Wohlers Associates believes the industry will continue strong growth over the next several years. It will be fueled by sales of under $5,000 “personal” 3D printers, as well as the expanded use of the technology for the production of parts, especially metal, that go into final products. “The industry is experiencing change that we have not seen in 20+ years of tracking it,” stated Tim Caffrey, senior consultant at the company and one of two principal authors of the new report. He added, “What’s most exciting is that we have barely scratched the surface of what’s possible.”
Tuesday, March 25th, 2014
We’ve all witnessed the explosive growth of additive manufacturing (AM) and 3D printing over the past several years. The possibilities for AM seem limitless and literally grow by the day, for mechanical design and now architecture. Sure, custom printing iPhone cases and jewelry are one thing, but the capabilities of 3D printing have grown so much, in fact, they’re now as big as a house.
The 3D Print Canal House is an exhibition, research, and building site for 3D Printing Architecture. This is a unique project where an international team of partners collaborates in “research & doing” linking science, design, construction and community, by 3D printing a house at an exposition site in the heart of Amsterdam.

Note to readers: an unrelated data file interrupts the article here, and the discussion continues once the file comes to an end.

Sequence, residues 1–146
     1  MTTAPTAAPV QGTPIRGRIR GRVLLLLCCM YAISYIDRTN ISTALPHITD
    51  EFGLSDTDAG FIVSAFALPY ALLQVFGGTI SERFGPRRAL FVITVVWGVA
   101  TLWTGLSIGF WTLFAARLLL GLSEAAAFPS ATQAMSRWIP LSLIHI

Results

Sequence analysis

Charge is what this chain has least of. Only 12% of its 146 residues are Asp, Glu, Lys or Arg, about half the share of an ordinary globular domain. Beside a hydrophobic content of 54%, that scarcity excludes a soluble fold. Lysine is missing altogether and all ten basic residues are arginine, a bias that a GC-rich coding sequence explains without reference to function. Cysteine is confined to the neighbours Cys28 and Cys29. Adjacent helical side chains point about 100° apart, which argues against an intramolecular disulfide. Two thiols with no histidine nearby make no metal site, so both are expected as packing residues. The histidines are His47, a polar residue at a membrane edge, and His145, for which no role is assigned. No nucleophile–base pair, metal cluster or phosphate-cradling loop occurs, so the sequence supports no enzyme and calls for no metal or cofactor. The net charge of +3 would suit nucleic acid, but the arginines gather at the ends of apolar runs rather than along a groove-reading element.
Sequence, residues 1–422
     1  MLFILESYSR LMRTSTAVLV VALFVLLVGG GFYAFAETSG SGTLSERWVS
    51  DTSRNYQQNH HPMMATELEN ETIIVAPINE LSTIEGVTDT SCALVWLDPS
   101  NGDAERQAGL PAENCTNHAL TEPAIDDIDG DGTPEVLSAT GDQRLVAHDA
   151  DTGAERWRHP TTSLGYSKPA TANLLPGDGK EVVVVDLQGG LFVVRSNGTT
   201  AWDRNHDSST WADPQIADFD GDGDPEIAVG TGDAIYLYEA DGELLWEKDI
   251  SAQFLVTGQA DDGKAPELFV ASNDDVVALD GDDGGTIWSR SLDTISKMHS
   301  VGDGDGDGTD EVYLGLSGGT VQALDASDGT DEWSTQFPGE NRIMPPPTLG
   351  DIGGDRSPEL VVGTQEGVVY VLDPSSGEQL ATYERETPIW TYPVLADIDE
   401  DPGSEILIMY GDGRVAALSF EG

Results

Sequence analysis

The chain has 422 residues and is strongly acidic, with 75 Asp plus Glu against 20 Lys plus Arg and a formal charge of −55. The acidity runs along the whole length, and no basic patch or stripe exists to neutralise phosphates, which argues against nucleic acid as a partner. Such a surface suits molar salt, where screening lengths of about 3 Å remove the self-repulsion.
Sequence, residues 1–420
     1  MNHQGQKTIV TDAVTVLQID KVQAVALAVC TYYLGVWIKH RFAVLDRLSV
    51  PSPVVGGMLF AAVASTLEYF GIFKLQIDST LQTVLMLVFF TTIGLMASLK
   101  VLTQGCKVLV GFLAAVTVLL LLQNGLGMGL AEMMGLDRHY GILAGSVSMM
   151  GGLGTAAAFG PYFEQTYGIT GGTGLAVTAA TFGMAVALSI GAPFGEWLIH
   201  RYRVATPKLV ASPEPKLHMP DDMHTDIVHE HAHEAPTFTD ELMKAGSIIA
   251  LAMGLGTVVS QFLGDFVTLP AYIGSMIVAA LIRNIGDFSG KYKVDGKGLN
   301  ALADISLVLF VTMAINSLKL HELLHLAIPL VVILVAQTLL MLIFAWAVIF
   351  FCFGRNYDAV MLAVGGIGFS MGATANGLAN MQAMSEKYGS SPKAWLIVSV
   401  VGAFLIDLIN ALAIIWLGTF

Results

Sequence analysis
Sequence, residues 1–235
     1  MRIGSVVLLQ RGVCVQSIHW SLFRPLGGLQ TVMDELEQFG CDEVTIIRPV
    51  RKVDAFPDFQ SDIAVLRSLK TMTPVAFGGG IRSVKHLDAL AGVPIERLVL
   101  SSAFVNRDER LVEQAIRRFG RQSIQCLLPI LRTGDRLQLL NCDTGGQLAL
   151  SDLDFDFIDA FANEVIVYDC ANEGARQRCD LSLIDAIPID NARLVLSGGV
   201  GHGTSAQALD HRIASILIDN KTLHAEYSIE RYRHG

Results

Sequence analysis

3D Print Canal House
Thursday, August 8th, 2013
The 3D printing process and the notion of a 3D printer in every home has received a lot of attention the past few years, and sales of relatively low cost 3D printers have skyrocketed. That is, until recently. According to the Wohlers Report, sales of 3D printers started to decline last year and have continued to accelerate downward this year.
But why, for a process and capability that was supposed to be ubiquitous and necessary for every home? The machines may be relatively inexpensive, but how many parts are you truly going to want to ultimately design and produce? Then there are material, size/volume, and physical characteristic, and quality limitations. The machines can also be fickle to set up and maintain. I suspect that after an initial period of excitement and promise, a lot of early-purchase 3D printers are now sitting idle and collecting dust.